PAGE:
High Street to Why Street?

In several of our recent projects, whether they were local activity centre structure plans or placemaking strategies, that involve 'high streets', the question is being constantly asked by both the traders and the community is 'why' will people come here in the future, particularly given the trends in retailing.
With competition from the ever expanding (sub)regional shopping centres, the resurgence of the CBD and the internet, the raison d'être for the local high street is fast become obsolete. Where once they provided for the community's needs, retailers now have to second guess their customer's wants. In the past connections were made when people bumped into each other whilst shopping for these 'needs' where as now people are choosing to visit these locations as the destination for their pre-arranged social activity. Where once the produce was truly local, in recent decades it became truly global and to make it more interesting, consumers are heading back to wanting local, bespoke produce and services but at (or near) a global quality and price.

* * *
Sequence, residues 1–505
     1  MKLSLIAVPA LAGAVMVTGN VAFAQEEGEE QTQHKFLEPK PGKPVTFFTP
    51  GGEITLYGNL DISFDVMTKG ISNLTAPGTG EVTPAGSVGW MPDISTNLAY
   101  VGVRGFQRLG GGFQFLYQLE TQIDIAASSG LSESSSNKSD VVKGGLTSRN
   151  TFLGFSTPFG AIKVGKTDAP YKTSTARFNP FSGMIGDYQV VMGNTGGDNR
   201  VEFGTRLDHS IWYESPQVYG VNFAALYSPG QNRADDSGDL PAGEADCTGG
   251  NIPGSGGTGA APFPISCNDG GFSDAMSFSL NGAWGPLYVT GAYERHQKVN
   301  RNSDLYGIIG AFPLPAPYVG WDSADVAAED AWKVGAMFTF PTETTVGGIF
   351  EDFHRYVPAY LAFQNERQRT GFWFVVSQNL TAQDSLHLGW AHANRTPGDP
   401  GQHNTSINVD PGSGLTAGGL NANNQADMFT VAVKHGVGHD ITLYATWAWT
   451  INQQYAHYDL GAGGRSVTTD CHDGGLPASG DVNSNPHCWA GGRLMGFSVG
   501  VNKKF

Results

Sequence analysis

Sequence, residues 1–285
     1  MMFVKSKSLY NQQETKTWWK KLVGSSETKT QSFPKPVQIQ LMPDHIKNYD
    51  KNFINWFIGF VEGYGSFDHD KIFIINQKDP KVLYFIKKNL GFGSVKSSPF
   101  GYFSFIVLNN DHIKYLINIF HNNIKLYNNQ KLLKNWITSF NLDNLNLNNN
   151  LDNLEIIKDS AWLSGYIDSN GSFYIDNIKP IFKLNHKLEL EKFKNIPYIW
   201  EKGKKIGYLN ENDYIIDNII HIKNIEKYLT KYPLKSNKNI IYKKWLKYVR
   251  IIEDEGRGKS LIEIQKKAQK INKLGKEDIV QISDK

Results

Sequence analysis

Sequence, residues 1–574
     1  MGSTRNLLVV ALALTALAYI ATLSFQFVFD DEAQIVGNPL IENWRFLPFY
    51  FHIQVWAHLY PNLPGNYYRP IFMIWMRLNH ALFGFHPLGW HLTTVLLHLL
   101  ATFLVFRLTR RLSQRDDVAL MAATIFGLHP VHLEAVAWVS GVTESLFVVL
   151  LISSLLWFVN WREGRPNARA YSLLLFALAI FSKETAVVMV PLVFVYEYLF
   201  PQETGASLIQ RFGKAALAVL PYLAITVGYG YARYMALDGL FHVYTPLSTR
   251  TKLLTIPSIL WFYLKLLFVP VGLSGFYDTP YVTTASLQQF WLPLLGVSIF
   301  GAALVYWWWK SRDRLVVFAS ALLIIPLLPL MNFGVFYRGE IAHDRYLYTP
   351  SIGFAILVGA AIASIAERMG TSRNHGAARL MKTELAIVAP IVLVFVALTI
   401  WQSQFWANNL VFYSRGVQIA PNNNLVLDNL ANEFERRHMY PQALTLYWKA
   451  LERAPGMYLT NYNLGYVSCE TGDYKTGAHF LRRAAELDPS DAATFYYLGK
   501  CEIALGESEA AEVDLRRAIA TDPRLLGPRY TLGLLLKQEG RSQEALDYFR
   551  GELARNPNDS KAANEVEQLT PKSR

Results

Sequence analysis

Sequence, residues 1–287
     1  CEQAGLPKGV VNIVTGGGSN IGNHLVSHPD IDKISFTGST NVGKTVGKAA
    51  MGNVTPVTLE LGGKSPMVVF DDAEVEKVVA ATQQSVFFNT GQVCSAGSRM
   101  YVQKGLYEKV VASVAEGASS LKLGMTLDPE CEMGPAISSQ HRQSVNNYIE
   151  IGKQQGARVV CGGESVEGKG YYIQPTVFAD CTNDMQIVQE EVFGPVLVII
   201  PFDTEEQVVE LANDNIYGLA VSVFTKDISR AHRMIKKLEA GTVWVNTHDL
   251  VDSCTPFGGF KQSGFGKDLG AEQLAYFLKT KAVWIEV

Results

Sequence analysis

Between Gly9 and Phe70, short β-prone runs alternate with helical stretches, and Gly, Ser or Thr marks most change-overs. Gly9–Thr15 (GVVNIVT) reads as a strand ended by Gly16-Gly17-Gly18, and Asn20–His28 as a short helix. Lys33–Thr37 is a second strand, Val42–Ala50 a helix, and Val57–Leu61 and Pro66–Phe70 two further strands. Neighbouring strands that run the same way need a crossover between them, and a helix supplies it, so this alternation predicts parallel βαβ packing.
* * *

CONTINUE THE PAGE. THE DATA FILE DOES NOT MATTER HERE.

It would appear that the key to revitalisation and the longer term sustainability of these cornerstones of our neighbourhoods is agility. Where once the past was a good predictor to the future, experimentation is now needed. Trials of retail ideas and public realm activation are to become commonplace. Quantitative data to analyse was once hard to find whereas now its ubiquitous and indeed perhaps doesn't tell the local story with any clarity (because it's missing the local qualitative data that we used to use?). In addition where communication was mostly centralised and controlled, the whole media and information landscape has been democratised through social media and the web.
So what does being agile mean for the people who's livelihoods depend on these neighbourhood centres? For the retailers and service providers it's working out how to engage with their customers through electronic and social media, being continually 'on-point', relevant (both locally and globally) and beyond contemporary. With the advent of platforms such as Instagram and Pinterest, everyone is now averse as to the latest and coolest trends on the planet, laid out in the palm your hand whenever you refresh your feed.
It should also be noted that it is likely that as retailers are required to be agile with their offer and flexibility in the delivery of their business, so too will the land owners, with perhaps the days of long, set and forget leases being a thing of the past.
Perhaps more importantly, is the need for these two (often opposing) groups to work together to secure this otherwise uncertain future. In recent workshops with local pro-business committees, it became apparent that something had to change, and fast, as the search for the 'next thing' is now a national pastime amongst shoppers and they aren't waiting for their public spaces and bricks and mortar to keep up.

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